House of Lords, one of the constituent parts of the British Parliament, consisting of the lords spiritual and temporal. -- Lord high chancellor, Lord high constable, etc. See Chancellor, Constable, etc. -- Lord justice clerk, the second in rank of the two highest judges of the Supreme Court of Scotland. -- Lord justice general, ∨ Lord president, the highest in rank of the judges of the Supreme Court of Scotland. -- Lord keeper, an ancient officer of the English crown, who had the custody of the king's great seal, with authority to affix it to public documents. The office is now merged in that of the chancellor. -- Lord lieutenant, a representative of British royalty: the lord lieutenant of Ireland being the representative of royalty there, and exercising supreme administrative authority; the lord lieutenant of a county being a deputy to manage its military concerns, and also to nominate to the chancellor the justices of the peace for that county. -- Lord of misrule, the master of the revels at Christmas in a nobleman's or other great house. Eng. Cyc. -- Lords spiritual, the archbishops and bishops who have seats in the House of Lords. -- Lords temporal, the peers of England; also, sixteen representative peers of Scotland, and twenty-eight representatives of the Irish peerage. -- Our lord, Jesus Christ; the Savior. -- The Lord's Day, Sunday; the Christian Sabbath, on which the Lord Jesus rose from the dead. -- The Lord's Prayer, the prayer which Jesus taught his disciples. Matt. vi. 9-13. -- The Lord's Supper. (a) The paschal supper partaken of by Jesus the night before his crucifixion. (b) The sacrament of the eucharist; the holy communion. -- The Lord's Table. (a) The altar or table from which the sacrament is dispensed. (b) The sacrament itself.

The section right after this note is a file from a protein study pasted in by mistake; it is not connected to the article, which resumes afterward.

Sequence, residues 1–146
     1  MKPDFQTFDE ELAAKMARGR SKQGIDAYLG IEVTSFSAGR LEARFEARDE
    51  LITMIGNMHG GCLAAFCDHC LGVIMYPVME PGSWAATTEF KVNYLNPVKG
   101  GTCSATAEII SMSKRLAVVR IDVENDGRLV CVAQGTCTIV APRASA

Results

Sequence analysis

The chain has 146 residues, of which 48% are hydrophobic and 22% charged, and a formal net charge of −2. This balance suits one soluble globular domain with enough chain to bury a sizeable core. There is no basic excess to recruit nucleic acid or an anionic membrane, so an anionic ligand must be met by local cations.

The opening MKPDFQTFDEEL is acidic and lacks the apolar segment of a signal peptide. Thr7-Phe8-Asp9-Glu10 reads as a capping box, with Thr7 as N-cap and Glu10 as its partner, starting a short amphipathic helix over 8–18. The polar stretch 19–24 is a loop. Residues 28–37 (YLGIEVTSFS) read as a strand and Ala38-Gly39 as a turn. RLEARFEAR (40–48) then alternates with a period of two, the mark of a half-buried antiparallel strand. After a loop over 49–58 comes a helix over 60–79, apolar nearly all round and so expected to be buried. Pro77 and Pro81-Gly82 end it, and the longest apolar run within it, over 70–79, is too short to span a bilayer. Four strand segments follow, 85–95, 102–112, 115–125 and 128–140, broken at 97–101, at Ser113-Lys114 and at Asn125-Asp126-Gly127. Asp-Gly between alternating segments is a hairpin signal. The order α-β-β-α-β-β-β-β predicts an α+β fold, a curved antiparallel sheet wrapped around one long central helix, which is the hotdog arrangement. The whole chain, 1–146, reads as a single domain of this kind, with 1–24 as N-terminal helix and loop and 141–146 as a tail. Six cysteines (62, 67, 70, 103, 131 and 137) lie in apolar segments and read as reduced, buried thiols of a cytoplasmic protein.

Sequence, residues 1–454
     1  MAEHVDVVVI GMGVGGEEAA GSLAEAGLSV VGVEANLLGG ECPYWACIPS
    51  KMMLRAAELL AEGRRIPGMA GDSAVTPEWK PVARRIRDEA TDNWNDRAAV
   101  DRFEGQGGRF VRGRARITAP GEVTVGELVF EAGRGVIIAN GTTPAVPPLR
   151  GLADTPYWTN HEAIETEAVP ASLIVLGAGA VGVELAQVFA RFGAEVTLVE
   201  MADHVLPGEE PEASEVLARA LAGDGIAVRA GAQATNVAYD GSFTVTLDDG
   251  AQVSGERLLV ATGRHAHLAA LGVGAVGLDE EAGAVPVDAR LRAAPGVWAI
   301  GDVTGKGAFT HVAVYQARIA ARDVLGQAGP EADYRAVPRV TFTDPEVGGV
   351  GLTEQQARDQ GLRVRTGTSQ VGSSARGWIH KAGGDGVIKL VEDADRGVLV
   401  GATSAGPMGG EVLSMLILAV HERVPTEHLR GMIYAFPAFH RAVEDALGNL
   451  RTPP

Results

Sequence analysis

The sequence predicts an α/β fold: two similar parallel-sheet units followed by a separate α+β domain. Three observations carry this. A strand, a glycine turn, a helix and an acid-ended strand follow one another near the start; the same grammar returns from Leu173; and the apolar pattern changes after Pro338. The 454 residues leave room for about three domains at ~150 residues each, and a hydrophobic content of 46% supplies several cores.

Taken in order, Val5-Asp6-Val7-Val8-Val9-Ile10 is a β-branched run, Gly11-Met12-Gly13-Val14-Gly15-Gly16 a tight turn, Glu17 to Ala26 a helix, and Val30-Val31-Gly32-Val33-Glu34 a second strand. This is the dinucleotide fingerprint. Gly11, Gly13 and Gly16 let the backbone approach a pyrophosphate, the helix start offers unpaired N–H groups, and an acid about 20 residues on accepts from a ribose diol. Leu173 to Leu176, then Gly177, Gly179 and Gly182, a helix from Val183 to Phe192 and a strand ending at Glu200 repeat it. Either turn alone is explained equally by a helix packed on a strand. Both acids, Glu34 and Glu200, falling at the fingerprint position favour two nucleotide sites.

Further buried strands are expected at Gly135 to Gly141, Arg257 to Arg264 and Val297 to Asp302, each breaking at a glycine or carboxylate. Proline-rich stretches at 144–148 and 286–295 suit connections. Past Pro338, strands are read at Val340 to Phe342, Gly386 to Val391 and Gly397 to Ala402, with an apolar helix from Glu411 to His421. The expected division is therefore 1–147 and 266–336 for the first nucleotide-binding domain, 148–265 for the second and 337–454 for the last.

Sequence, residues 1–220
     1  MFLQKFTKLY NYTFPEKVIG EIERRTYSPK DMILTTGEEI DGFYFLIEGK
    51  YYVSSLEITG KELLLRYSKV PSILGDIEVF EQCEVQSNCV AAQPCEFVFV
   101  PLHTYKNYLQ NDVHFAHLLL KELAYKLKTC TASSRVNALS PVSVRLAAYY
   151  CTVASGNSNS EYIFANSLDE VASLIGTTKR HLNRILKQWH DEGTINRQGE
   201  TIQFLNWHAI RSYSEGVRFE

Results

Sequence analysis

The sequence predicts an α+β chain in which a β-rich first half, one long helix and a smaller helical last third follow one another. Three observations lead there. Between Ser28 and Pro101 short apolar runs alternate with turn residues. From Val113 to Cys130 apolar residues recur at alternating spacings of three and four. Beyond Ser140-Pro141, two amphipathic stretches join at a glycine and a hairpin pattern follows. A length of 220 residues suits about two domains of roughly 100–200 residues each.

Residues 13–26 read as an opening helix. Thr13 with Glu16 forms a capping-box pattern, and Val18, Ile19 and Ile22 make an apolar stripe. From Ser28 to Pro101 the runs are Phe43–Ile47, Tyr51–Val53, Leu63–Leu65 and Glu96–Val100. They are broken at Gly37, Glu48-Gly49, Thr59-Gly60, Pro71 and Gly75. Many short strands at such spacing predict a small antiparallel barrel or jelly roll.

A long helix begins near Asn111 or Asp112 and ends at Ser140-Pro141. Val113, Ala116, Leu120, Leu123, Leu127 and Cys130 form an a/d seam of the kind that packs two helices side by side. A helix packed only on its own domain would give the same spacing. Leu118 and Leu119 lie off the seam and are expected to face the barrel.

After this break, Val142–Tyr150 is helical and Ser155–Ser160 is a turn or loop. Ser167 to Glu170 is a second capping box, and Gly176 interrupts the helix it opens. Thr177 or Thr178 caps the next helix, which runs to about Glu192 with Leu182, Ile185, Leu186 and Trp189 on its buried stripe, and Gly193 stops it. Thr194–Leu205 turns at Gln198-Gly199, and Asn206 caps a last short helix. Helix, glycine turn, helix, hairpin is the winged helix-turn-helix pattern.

© Webster 1913.


Lord, v. t.

1.

To invest with the dignity, power, and privileges of a lord.

[R.]

Shak.

2.

To rule or preside over as a lord.

[R.]

 

© Webster 1913.


Lord, v. i. [imp. & p. p. Lorded; p. pr. & vb. n. Lording.]

To play the lord; to domineer; to rule with arbitrary or despotic sway; -- sometimes with over; and sometimes with it in the manner of a transitive verb.

The whiles she lordeth in licentious bliss. Spenser.

I see them lording it in London streets. Shak.

And lorded over them whom now they serve. Milton.

 

© Webster 1913.